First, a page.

If you’ve noticed an uncharacteristic silence from me over the past while, it’s not that I’ve run out of opinions. Fat chance. No, I’ve just signed a contract with National Archives of Ireland to deal with their backlog of user-submitted corrections to the 1901 and 1911 census transcripts. So I’ve been deep in the entanglements of a decade of emails.
It’s not nearly as bad as it sounds. Some of the work can be automated, albeit with lots of convolutions. Inevitably though, a fair amount of squinting at the images is involved.
So here are some preliminary observations from that squinting.
The submitters take the process surprisingly seriously. I had expected to find dozens of corrections to ‘M. Mouse’ and ‘D. Duck’ . Not at all. People seem to feel that what appears on the site is in some way a public memory of their family and they just want that memory to be accurate. Many people also want to take the chance to correct the mistakes their ancestors made. On occasion, long-running grievances are discernible – a head of household’s claim to be the father of children disputed vehemently by a submitter, for example. Unfortunately, that’s not how it works. Whatever appears on the census form – reversed surnames and forenames, forgotten spouses, misspelt occupations, outright lies – is what has to appear in the transcript.
A disproportionate number of corrections come from particular places and classes. Cork people seem especially fussy, as are descendants of members of dissenting sects. Though it’s hardly being fussy to want ‘Independent Rolehash not Connected with any Denommation’ corrected to ‘Independent Protestant not connected with any denomination’.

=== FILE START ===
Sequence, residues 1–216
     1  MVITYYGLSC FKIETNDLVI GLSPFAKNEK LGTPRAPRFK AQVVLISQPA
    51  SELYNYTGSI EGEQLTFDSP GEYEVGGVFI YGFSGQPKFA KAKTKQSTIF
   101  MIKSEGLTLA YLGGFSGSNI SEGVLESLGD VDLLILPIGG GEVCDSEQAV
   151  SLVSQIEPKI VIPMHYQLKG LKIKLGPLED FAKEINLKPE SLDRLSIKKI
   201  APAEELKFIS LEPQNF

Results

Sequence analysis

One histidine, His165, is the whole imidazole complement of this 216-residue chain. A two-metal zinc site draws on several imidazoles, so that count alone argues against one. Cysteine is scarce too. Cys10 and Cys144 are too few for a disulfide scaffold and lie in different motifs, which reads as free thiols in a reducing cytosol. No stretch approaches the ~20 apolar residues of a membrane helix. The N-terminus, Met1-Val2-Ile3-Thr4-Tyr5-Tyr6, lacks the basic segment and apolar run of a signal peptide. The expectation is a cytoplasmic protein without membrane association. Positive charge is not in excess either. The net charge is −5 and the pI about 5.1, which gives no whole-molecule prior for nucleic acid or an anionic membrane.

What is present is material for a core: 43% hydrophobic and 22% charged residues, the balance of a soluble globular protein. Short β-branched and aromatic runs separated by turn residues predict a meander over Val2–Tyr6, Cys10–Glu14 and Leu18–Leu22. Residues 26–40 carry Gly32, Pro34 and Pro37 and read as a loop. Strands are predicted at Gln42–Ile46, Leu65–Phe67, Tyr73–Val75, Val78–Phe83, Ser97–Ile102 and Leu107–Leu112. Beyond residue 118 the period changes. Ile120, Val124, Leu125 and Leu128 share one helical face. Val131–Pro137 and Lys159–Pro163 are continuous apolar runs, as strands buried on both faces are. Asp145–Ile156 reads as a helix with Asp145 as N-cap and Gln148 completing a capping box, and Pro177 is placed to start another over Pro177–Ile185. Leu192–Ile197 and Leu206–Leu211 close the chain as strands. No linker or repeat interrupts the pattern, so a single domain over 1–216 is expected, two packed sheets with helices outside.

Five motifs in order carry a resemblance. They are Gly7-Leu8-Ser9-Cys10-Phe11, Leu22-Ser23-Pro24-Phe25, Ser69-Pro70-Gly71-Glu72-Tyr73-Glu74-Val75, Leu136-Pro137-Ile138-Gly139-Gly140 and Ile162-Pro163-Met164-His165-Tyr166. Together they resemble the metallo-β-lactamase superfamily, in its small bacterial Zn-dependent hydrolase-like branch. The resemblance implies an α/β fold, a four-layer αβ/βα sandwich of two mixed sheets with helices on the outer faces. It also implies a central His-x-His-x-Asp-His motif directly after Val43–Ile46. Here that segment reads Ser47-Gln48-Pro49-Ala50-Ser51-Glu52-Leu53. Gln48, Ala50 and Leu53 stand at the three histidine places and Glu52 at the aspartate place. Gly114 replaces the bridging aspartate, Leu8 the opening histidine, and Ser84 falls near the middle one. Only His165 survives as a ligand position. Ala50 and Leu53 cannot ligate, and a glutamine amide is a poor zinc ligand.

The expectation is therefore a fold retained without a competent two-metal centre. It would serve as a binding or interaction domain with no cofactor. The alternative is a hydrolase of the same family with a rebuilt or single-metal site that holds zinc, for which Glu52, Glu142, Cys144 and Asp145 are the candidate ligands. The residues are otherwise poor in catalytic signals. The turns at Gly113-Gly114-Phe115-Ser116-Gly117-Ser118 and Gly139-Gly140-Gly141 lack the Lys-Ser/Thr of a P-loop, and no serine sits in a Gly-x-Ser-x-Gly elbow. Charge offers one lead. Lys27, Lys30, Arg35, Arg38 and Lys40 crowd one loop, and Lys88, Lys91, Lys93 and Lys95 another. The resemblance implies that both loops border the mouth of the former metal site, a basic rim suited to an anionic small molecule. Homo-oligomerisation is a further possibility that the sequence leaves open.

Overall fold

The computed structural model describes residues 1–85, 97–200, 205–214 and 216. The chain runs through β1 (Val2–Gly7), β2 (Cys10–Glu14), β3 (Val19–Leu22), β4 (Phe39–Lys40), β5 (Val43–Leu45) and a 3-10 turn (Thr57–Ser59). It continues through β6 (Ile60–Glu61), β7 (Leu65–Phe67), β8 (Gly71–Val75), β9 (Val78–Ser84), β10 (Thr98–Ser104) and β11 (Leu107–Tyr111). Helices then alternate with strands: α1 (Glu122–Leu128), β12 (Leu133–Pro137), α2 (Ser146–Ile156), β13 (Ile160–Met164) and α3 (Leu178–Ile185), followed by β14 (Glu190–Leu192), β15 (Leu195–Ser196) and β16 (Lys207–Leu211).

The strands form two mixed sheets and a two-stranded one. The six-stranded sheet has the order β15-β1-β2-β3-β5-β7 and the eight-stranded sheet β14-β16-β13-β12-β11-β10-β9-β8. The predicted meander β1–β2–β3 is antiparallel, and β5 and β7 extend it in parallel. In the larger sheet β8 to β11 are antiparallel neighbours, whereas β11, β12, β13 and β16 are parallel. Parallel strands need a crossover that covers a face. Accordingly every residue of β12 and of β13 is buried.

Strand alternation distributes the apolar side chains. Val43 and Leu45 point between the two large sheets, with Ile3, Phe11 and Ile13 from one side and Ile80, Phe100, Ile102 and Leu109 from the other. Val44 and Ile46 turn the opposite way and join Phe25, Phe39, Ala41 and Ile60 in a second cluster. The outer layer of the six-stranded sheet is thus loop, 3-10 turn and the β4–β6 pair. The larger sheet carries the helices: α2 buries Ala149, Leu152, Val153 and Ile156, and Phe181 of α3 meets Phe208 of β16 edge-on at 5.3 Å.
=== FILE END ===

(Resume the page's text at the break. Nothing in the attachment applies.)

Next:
My favourites are the mistranscribed occupations. Prawn dealer for ‘piano dealer’, terrace lotto worker for ‘terracotta worker’, sister of the Mr Suline order instead of ‘sister of the Ursuline order’, hawker of Irish for ‘hawker of fish’.
And straight from Alice in Wonderland: ‘Instire of the Peacly Tea Merchant‘. Which of course should be ‘Justice of the Peace, Tea Merchant’.
Clearly some people get a little obsessed with the corrections – the same emails crop up again and again: You know who you are. Actually I’m one myself. I’m now dealing with my own emails, which feels a bit ironic.
Finally, some advice if you’re submitting corrections.
Putting the correction in ALL CAPS will not get attention any sooner. Nor will multiple submissions of the same correction. Nor multiple multiple submissions of the same correction. And outrage, though sometimes understandable – ‘They’re all nuns, for God’s sake!‘ – won’t get the changes made.